In my search for an answer, I found a report online that openly admits that “The exact definition of evaluative thinking is evolving.” The report was written in 2013.
Is this something we’ve only started doing? How did we survive before someone came up with the idea; an idea that apparently still needs a communal definition?
Why am I writing about this topic
In reflecting on the progress I’ve made in this my Year of Liveability, I noted that previous years used a ‘learn and adopt’ style. Learn about protein, eat more protein. Learn about sugar, eat less sugar. Learn to play tennis … and there it breaks down because I didn’t then join a tennis club, but you get the point.
So far, this year feels different. The process is more evaluative. Perhaps understanding what evaluative thinking means will increase the likelihood that this year’s resolution will be a success.
A brief history of evaluative thinking
In an age when management needs buzz words, ‘evaluative thinking’ is so new there wasn’t even a Wikipedia entry for it. (Maybe there’s one now?) Some say we used to call it ‘critical thinking’ or ‘reflection’.
Digging a little deeper, there’s been a lot of thinking about evaluation.
Apparently, a common misconception about evaluative thinking is that it is the same as evaluation. Evaluation is a process tacked onto the end of a project but only if the manager hasn’t run out of time or money or both. In contrast, the buzz is to evaluate continuously, from the beginning.
For those of us who are not project managers … evaluative thinking is not waiting until after the holiday to work out what went wrong and how to do things differently next time.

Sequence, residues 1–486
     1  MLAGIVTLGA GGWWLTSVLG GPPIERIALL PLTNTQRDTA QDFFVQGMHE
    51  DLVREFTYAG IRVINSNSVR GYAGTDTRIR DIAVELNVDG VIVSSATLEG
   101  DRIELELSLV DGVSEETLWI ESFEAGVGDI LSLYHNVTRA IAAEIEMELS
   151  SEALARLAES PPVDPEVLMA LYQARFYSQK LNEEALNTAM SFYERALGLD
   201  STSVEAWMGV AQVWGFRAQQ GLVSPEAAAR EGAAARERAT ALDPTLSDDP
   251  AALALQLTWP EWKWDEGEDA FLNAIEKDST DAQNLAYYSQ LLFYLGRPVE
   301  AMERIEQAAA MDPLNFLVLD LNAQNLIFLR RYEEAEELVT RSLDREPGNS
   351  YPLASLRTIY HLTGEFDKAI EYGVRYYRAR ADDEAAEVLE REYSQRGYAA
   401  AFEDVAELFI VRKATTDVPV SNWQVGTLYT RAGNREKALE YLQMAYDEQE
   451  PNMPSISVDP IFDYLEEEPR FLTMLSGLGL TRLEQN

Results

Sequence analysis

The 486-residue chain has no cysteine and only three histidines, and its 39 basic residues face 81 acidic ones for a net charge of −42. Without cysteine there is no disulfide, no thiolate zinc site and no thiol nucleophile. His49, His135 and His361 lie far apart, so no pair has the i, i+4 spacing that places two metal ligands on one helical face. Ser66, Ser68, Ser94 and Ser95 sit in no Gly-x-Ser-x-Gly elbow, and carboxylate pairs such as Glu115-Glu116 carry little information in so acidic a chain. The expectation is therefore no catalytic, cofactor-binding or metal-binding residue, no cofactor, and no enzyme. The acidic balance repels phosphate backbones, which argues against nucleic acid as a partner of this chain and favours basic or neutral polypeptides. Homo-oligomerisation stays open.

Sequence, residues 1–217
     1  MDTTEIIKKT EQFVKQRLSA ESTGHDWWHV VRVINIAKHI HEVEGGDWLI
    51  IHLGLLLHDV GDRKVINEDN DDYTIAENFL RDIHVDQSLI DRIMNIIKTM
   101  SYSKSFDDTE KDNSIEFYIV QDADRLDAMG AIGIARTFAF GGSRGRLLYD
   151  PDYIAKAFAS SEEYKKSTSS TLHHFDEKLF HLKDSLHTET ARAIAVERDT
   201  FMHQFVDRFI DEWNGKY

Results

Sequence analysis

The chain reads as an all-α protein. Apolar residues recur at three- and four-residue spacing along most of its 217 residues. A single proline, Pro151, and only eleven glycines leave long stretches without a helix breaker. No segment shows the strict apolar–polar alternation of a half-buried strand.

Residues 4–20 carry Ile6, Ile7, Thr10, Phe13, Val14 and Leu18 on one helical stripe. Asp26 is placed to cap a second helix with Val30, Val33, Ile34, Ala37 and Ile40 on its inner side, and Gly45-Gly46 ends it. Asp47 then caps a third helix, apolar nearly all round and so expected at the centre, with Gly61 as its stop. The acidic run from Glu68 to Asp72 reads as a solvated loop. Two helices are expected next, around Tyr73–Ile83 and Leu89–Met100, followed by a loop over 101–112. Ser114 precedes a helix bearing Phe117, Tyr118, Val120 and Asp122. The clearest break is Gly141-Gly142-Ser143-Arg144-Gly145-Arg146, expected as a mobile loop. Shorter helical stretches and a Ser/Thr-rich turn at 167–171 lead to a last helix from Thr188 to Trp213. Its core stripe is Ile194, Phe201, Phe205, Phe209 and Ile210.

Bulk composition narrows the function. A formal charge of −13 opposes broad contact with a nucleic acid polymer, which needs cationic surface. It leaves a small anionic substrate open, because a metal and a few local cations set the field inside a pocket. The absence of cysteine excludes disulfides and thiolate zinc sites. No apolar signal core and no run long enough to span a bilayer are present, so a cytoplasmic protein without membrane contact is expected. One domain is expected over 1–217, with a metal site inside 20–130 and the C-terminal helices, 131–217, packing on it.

Instead, evaluative thinking is continually reflecting on our experience while we are experiencing it. We then adjust as we go. The aim is to improve the quality of the holiday while we are on holiday.
I’m all for better holidays; providing I get a chance to have the holiday while I’m doing all that reflecting on my experience!
A definition that would suit my needs for a Year of Liveability … well, it has to be something that doesn’t overwhelm or detract; it has to be something easy to pick up and put down as the need arises; useful but fluid and flexible …
How about the following:
- question actions and assumptions;
- seek that which is not obvious;
- look out for unintended effects; and
- take action.
I think this style of thinking could sit comfortably off to one side while I’m pottering along, close enough to the action so that its voice is heard when needed.
Developing evaluative thinking
Looking back, this is not entirely new for me. Asking myself questions is already something I do and easy enough to try if you haven’t already. For example, try interviewing yourself. I did this with some questions I found in a magazine article. The author was interviewing a professional photographer. After answering the questions, I realised that it was when I first encountered cameras and photos that strongly influenced my attitudes. That seems obvious. The really interesting influence was when during the history of photography I first encountered cameras and photos.
Another thing I’ve tried is thinking of something I enjoy and then tracing back to when I first remember experiencing that enjoyment. There’s a trick to this one. The thing you currently enjoy may be different to the first time you experienced that enjoyment. For example, it turned out that my love of cutting up photos and creating collages had nothing to do with early experiences of photography or art. Instead, the enjoyment sprang from my love of jigsaws as a child.
Before I digress too far off topic, let’s bring things back to the Year of Liveability. I need to decide on the next step. I’m still focused on rooms and shelves, and there’s one bugging me at the moment because of its high visibility. A set of shelves by the back door has become a dumping ground as I go back and forwards to the yard.
There’s a set of actions that need questioning.